Child Custody Labels

There are many parenting labels including visitation, joint custody, sole custody, physical custody and legal custody. Our state statute doesn’t help much. It probably creates more confusion. NC Gen. Stat. §50-13.1(a) states: Unless a contrary intent is clear, the word “custody” shall be deemed to include custody or visitation or both.” However, our case law and the NC Child Support Guidelines do give us more details about those labels. Until a child reaches the age of 18, either parent has the right to file motions asking the court to address any serious dispute, which usually is done by a motion to modify the custody order. While I have tried to avoid legalese, some of it is inevitable.

Legal Custody

Legal custody is decision-making custody, the right to make significant long-term decisions that impact a child’s life and welfare, such as a child’s education, health, medical care, discipline, and religious training, to name a few. Contrast that with physical custody, the day-to-day decision-making such as what bed-time is best or how long a child may spend on social media on a school night. The trend these days is to award joint legal custody to parents, meaning that both parents equally share the decision-making. On occasion, a judge will award sole legal custody to one parent with the expectation that he or she must discuss the issue with the other parent. If the parents still don’t agree, the parent with sole legal custody makes the final decision. Although it is rare, the court does have the authority to award split joint legal custody. Although both parents can share important decisions, split custody reduces one parent’s decision-making about one specific subject. For example, a parent with joint legal custody might be excluded from decisions about whether counseling is appropriate, and if so, who will provide counseling services.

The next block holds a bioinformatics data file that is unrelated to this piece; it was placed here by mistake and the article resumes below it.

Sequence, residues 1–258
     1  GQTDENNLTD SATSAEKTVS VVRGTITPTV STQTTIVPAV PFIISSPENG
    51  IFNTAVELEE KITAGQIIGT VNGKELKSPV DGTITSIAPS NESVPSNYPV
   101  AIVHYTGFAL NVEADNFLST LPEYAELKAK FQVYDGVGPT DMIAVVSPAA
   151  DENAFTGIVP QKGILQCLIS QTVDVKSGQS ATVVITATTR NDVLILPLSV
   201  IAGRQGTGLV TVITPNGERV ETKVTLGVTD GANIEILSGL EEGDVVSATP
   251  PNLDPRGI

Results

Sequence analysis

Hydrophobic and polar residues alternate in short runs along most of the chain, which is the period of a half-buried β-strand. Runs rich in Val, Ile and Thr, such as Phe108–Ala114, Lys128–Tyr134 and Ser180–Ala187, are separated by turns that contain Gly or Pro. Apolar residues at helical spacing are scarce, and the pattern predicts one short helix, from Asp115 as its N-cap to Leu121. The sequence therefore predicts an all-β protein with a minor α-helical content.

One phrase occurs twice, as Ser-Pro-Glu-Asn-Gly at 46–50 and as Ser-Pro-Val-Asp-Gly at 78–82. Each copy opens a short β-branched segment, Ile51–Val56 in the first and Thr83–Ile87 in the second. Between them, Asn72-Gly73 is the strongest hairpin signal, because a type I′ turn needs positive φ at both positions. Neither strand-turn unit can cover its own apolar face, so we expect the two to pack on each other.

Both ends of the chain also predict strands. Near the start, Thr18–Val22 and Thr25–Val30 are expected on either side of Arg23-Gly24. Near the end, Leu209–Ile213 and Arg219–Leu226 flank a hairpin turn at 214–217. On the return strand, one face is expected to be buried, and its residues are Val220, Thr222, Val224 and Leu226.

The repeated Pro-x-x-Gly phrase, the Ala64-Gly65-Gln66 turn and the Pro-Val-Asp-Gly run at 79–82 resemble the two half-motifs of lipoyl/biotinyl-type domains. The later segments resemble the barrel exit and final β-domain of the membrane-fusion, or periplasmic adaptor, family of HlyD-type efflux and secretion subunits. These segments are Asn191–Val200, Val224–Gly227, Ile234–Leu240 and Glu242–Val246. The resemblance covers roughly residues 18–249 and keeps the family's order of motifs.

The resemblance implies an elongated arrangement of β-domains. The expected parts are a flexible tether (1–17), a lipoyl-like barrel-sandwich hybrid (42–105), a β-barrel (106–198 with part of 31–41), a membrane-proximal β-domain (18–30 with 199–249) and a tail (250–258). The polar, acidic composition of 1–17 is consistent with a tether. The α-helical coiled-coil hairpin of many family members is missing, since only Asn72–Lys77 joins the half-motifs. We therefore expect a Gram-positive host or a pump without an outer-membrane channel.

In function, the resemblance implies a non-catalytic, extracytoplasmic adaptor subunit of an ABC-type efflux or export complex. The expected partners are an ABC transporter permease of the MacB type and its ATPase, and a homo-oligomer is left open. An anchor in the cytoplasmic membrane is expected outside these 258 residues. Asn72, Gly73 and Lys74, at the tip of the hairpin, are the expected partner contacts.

Physical Custody

Physical custody is the physical care and supervision of a child, “possession” for lack of a better term. Physical custody involves the day-to-day decision-making such as what bed-time is best or how much time a child may spend using social media on a school night.  The NC Child Support Guidelines identify primary physical custody as the custody a parent has when he or she spends 243 overnight visits per year with that child. The other parent has secondary physical custody because he or she has 122 or fewer overnights per year. In that case, child support is the same amount no matter what the custody schedule is. But if a parent has 123 or more overnight visits per year, a different calculation is used.


Visitation with a child involves contact with him or her.  The law in our state fails to clearly define visitation, stating that: Unless a contrary intent is clear, the word custody shall be deemed to include custody or visitation or both. The Court of Appeals wrote that “Visitation privileges are but a lesser degree of custody. Thus . . . the word custody . . . was intended to encompass visitation rights as well as general custody.” Davis v. Davis, 229 NC App. 494 (2013).  But the law does specify who cannot have visitation. If a person conceived a child by acts of various sexual assault laws, he is not entitled to visitation rights. On the other hand, grandparents may file a case visitation, not custody of any sort. However, they may seek visitation only if there is an on-going custody battle already pending in court.

What About Technology?

Judges in North Carolina may award “electronic communication” with a parent. To allow a fluid and meaning as technology changes, the law envisions “contact, other than face-to-face contact, facilitated by electronic means, such as by telephone, electronic mail, instant messaging, video teleconferencing, wired or wireless technologies by Internet, or other medium of communication.” However, the statute is quick to add that these communications “may be used to supplement visitation . . . but . . . may not be used as a replacement or substitution for custody or visitation.” Judges sometimes order parents to use Our Family Wizard, which helps parents communicate more easily.

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